Council members want more ‘equity’ in senior assistance program to prevent code violations

Pilot program provided $10K for each district, but some are tapped out while others have barely touched their amounts

SAN ANTONIO – A pilot program to help seniors and disabled residents avoid code violations for overgrown weeds, downed trees, and debris has proved more popular in some parts of town than others.

In a Monday presentation to the Planning and Community Development Committee on Development Services Director Mike Shannon showed the southern districts were using more of the $100,000 Senior Assistance Pilot Program than other districts.

Districts 2, 3, 4, and 5 - which comprise most of the city’s East, South, and West Side - were already through the $10,000 set aside for each of their residents. The city even went over budget in several of the districts rather than turn residents away.

Councilwoman Phyllis Viagran (D3) had even used an additional $5,000 of her district’s discretionary funds, which was down to just $365 remaining, according to the chart.

Meanwhile, other districts, like District 10 on the Northeast Side, had seen just a few hundred dollars used.

“I think that says that there’s not as much as a need in the, the northern, sector of San Antonio. And we need to make sure that we distribute that as needed,” Viagran said after the meeting.

Districts in the southern part of the city are already done with their allotments in the Senior Assistance Pilot Program, while others have hardly had any claims. (City of San Antonio)

To tap into the funding, a senior or disabled person needs to be facing both a code violation and some kind of financial hardship. The city will send a contractor out, at no cost to the homeowner or renter, to tackle the violation and avoid accruing any fines.

The pilot program was requested as a budget request last fall by Councilwoman Marina Alderete Gavito (D7) and Councilman Jalen McKee-Rodriguez (D2). According to a news release from Alderete Gavito’s office, a similar city program offered assistance, but it was only for $15,000 citywide.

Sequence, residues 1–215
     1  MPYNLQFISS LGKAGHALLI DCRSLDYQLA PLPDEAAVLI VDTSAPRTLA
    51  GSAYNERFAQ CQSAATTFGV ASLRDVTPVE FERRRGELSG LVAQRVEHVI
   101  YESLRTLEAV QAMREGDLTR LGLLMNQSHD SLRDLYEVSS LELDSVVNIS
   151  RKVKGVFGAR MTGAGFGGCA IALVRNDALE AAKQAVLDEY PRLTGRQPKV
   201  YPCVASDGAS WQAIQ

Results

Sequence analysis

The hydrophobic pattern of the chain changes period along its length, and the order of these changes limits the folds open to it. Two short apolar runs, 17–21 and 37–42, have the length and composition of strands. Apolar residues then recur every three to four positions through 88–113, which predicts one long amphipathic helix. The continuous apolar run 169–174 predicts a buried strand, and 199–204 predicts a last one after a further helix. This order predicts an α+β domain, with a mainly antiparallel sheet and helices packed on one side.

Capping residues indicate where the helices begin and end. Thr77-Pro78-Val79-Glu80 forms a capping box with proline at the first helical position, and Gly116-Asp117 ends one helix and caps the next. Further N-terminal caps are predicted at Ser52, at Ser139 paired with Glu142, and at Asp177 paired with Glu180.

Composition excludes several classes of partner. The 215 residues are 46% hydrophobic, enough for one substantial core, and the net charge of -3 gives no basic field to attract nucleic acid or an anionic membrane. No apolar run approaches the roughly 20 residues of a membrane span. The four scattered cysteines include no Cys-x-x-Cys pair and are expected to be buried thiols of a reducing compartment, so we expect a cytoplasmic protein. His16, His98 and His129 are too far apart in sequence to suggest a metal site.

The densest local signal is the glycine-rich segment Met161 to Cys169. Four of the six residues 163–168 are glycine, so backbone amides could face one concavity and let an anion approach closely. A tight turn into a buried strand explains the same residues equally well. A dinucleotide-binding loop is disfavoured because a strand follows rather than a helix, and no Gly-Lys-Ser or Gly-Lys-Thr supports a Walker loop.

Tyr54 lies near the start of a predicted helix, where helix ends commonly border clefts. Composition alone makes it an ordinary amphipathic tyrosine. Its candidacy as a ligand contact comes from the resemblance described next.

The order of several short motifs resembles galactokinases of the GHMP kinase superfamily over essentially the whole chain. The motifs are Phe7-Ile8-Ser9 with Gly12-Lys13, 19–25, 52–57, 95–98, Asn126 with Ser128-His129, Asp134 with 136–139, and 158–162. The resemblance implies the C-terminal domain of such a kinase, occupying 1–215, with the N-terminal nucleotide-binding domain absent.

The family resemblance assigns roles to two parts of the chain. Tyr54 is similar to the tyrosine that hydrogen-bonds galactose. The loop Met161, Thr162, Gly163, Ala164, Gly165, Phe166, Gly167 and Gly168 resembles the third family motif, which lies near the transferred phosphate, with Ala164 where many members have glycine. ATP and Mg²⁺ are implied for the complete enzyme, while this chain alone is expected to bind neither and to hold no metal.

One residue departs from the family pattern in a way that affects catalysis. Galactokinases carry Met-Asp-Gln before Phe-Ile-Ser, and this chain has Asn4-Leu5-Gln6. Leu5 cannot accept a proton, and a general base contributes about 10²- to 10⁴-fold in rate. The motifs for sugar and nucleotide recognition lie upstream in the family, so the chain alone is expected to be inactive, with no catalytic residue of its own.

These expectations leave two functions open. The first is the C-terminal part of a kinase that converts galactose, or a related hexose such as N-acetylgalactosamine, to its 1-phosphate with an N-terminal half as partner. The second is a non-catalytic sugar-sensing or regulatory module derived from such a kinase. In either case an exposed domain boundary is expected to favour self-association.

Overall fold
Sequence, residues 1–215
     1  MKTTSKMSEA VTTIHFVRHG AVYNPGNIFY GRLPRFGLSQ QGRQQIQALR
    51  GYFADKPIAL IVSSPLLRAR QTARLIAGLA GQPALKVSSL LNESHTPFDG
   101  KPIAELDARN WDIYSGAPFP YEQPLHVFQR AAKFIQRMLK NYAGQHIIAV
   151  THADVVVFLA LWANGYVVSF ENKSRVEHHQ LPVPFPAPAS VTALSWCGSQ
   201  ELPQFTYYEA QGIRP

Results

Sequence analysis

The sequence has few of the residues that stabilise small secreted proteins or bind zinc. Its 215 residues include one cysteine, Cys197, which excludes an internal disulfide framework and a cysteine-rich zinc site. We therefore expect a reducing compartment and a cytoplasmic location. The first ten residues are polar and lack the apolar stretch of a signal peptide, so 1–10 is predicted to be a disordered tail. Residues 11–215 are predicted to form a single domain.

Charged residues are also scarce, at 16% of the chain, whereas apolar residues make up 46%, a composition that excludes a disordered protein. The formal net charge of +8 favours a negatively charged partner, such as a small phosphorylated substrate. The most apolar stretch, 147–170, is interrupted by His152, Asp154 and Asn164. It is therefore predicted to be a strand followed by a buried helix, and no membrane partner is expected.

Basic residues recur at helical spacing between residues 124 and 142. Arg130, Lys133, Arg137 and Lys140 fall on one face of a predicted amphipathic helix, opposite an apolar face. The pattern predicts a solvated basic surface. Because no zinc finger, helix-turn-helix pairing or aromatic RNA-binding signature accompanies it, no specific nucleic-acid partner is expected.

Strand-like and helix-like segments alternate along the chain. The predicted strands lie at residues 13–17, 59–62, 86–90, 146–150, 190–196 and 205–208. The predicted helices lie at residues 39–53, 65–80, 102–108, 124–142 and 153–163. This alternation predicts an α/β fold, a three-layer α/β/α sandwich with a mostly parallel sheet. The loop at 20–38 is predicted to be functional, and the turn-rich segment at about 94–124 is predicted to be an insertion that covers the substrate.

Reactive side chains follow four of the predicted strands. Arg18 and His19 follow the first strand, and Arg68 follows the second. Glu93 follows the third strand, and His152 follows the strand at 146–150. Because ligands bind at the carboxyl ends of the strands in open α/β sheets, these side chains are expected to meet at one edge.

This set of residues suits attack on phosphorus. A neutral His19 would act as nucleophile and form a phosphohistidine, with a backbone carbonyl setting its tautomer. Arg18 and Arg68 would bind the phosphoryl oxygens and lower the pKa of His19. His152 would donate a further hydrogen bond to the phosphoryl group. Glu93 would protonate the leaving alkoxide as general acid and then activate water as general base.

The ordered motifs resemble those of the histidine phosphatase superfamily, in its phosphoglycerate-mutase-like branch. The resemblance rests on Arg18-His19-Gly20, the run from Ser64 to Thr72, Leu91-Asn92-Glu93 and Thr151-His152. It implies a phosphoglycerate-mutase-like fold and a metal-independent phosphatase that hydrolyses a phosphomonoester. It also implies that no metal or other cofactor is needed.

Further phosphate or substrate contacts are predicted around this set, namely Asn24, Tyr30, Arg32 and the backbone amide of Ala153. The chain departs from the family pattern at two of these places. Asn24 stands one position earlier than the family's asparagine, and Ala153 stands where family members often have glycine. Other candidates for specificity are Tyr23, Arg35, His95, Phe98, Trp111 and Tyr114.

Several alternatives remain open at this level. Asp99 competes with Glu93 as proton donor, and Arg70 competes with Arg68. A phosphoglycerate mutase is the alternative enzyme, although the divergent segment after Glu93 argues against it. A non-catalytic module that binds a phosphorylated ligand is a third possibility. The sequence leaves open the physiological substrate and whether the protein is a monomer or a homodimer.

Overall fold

“The intent of this program is to ensure we are preventing our most vulnerable populations from being punished for minor code issues,” she told the committee Monday.

Approximately $35,000 was left in the program as of May 9.

Councilman John Courage (D9) suggested that any unused funds at the end of the current funding cycle be pooled together and redivided. According to the DSD presentation, only three people had needed help - $3,082 so far.

“Just because we didn’t need it that much in our district if you need it more in yours or in yours, we ought to be able to allocate that,” Courage said.

Castillo agreed with his plan.

“We saw an equal approach, but I see an opportunity for us to recalibrate for an equitable approach. Right? We know where the high concentration of code compliance citations is. And we’re seeing that evident with the data with the districts that have maxed out their funds,” Castillo said.

The city has also found the program is more expensive than anticipated. Shannon said they had started, thinking that the average jobs would cost the city $500 to $600. Instead, the 48 completed or pending jobs have cost an average of a little less than $1,450.

“Really, what we’re finding is those tree removal ones - we knew we’d have several of those - but those get into the thousands of dollars very quickly,” he told committee members.

Though the program appeared to be popular, it’s unclear what will happen to it exactly. City staff expect a budget deficit over the next two years of at least $10.6 million.

Shannon said the city would continue the program for the rest of the fiscal year, which ends in September, but he was “sure” it would be part of the budget conversation for next year.

About the Authors

Garrett Brnger is a reporter with KSAT 12.

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